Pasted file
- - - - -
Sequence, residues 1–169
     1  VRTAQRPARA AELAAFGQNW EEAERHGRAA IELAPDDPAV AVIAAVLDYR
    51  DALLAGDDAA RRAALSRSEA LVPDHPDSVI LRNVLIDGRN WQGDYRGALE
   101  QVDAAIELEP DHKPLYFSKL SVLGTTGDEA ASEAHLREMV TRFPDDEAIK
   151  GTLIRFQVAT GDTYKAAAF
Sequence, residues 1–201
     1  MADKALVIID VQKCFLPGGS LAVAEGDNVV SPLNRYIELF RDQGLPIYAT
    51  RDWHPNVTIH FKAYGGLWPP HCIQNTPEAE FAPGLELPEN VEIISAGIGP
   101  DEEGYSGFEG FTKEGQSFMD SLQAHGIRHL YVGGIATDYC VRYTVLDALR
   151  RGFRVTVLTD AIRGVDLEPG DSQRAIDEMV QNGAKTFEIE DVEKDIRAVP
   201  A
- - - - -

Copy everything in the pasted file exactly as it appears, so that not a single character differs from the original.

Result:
Sequence, residues 1–169
     1  VRTAQRPARA AELAAFGQNW EEAERHGRAA IELAPDDPAV AVIAAVLDYR
    51  DALLAGDDAA RRAALSRSEA LVPDHPDSVI LRNVLIDGRN WQGDYRGALE
   101  QVDAAIELEP DHKPLYFSKL SVLGTTGDEA ASEAHLREMV TRFPDDEAIK
   151  GTLIRFQVAT GDTYKAAAF
Sequence, residues 1–201
     1  MADKALVIID VQKCFLPGGS LAVAEGDNVV SPLNRYIELF RDQGLPIYAT
    51  RDWHPNVTIH FKAYGGLWPP HCIQNTPEAE FAPGLELPEN VEIISAGIGP
   101  DEEGYSGFEG FTKEGQSFMD SLQAHGIRHL YVGGIATDYC VRYTVLDALR
   151  RGFRVTVLTD AIRGVDLEPG DSQRAIDEMV QNGAKTFEIE DVEKDIRAVP
   201  A